The key can be found in ~/.docker/trust/private/root_keys. To protect it, something like an encrypted USB key (or two, depending on how important it will be) could be a good idea.
The other key that was created is the tagging key. It’s stored in:
This key should be backed up too, but it’s more likely to be kept online. You’ll need it more frequently than the offline key, and also it’s easier to recover from the loss of the key.
So now that we’ve got our signed image, what does this actually mean? Well, for users of the image, they can enable Docker Content Trust. They’ll have assurance that when they download the image, it hasn’t been tampered with since being pushed by the developer and that it’s a fresh image for that tag.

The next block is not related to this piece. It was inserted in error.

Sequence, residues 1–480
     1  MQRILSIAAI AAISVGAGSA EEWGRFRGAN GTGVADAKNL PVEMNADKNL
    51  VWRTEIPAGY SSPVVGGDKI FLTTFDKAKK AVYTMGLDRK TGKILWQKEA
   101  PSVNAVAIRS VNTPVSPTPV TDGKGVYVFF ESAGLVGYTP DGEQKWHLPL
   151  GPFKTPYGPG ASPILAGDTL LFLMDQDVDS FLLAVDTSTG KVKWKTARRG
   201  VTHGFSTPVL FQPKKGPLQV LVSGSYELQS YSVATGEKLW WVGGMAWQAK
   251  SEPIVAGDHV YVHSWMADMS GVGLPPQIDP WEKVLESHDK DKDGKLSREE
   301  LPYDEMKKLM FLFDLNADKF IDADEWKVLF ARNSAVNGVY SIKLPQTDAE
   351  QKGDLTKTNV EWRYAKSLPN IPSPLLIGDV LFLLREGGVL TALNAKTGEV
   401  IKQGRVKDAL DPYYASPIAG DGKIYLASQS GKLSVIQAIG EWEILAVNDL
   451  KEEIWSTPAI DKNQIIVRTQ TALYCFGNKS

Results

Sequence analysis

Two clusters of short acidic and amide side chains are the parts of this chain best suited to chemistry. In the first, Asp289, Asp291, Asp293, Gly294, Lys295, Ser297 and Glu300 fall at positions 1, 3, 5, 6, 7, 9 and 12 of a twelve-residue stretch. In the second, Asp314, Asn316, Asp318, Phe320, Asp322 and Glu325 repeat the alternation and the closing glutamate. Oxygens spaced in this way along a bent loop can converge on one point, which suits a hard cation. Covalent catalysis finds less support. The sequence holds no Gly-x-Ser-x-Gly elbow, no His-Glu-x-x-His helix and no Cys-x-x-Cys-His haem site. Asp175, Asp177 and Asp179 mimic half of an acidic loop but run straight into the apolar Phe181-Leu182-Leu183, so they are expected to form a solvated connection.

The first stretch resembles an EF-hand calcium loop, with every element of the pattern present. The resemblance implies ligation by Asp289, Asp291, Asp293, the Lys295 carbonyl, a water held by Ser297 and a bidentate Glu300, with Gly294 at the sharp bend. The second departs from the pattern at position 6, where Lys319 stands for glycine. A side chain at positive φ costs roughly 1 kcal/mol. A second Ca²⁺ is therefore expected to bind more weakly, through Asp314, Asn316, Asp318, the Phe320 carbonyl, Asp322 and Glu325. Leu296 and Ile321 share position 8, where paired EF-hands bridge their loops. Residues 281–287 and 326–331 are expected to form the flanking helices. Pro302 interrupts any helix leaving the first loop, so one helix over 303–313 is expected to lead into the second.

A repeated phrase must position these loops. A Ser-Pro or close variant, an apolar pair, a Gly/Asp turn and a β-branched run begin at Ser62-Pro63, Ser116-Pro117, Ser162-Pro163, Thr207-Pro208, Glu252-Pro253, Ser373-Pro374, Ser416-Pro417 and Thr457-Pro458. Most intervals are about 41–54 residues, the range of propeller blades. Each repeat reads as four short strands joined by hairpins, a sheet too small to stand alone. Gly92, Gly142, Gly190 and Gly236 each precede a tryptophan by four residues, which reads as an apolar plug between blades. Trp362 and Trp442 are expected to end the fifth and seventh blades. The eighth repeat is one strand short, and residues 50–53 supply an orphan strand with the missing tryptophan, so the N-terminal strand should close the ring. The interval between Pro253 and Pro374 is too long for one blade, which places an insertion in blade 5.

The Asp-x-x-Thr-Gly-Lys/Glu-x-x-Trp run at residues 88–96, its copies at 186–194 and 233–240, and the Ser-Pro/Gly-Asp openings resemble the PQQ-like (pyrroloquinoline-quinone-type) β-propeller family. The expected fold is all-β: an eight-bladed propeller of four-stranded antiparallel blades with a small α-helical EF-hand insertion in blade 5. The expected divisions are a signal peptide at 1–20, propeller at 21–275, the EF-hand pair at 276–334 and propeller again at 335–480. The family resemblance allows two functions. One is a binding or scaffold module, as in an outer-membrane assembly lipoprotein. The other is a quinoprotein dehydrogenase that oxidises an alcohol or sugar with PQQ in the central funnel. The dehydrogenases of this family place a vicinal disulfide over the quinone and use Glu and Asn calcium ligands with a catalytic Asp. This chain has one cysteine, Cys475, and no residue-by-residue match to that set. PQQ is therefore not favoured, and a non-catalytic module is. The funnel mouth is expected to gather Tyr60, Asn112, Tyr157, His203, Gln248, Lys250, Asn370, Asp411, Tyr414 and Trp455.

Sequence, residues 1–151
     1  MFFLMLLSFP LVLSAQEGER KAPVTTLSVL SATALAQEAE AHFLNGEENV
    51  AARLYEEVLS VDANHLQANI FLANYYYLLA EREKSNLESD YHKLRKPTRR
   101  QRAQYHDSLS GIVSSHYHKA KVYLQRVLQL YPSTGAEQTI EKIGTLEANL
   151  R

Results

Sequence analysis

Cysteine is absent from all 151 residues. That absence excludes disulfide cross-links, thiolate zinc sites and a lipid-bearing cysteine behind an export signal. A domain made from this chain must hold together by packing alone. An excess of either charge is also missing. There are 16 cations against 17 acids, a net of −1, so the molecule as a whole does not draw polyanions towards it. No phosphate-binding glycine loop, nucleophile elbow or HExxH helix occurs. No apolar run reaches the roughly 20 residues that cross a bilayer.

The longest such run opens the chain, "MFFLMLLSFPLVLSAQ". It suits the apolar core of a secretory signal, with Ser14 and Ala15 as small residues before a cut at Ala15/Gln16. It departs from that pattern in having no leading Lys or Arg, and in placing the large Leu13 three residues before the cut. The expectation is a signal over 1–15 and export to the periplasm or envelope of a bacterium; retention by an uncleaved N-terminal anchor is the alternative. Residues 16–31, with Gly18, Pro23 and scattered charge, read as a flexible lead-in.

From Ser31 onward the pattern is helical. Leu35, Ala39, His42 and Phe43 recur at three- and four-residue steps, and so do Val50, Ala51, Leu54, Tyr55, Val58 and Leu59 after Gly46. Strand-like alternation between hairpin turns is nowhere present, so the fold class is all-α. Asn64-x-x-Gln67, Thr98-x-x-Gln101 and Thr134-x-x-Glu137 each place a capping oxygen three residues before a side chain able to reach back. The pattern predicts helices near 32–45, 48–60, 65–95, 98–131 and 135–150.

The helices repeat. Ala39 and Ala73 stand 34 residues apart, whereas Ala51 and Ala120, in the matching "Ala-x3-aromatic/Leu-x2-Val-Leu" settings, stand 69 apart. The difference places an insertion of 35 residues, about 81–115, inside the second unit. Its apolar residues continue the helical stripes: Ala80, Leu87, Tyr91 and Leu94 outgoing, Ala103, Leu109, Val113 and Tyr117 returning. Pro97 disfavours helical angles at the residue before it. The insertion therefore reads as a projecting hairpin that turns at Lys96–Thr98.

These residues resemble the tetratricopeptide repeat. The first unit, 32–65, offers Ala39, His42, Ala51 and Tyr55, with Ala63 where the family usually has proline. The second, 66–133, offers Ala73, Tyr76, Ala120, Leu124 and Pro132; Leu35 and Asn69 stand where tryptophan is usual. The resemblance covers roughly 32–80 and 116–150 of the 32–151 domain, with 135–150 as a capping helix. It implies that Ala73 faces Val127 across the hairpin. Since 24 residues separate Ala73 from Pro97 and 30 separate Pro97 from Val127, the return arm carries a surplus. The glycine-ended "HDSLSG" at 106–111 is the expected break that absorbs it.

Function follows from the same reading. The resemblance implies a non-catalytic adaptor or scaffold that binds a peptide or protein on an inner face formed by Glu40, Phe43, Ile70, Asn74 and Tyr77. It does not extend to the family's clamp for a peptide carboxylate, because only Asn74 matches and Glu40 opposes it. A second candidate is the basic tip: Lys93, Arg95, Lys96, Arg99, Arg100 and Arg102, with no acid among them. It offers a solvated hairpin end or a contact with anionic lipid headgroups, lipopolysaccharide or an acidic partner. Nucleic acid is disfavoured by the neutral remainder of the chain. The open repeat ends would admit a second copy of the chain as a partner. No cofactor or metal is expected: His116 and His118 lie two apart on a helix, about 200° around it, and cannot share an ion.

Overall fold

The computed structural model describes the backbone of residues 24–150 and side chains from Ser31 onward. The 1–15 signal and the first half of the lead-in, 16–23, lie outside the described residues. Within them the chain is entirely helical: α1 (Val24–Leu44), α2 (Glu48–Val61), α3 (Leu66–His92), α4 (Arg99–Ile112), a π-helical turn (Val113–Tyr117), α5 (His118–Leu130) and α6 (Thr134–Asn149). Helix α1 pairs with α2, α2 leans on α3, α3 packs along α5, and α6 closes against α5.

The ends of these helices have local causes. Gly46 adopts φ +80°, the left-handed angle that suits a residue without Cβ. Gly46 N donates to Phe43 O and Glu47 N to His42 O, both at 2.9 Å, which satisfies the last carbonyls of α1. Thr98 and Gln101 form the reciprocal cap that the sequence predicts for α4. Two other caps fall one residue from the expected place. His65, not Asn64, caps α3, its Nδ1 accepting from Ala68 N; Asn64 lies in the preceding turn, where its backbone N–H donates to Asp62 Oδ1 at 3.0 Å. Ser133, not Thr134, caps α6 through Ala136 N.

Using Content Trust
At the moment, however, enabling Content Trust could be a bit of a frustrating experience for users, as it helpfully blocks you from pulling any tag that isn’t signed. If you’ve enabled Content Trust, and you try to pull a repository that isn’t signed, you’ll get the following message, and you won’t get your image:
Using default tag: latest no trust data available
Hopefully, this will become less of a problem as more repositories enable Content Trust. However if you want to run with it enabled and still use unsigned tags, you can pass the –disable-content-trust switch to the Docker command to carry out individual operations without Content Trust enabled.
Overall, Docker Content Trust is a really useful feature if you’re looking to build trusted images based on Docker. It addresses a key security question that can overshadow open source software repositories. Hopefully, it’ll see a good uptake amongst users of Docker Hub.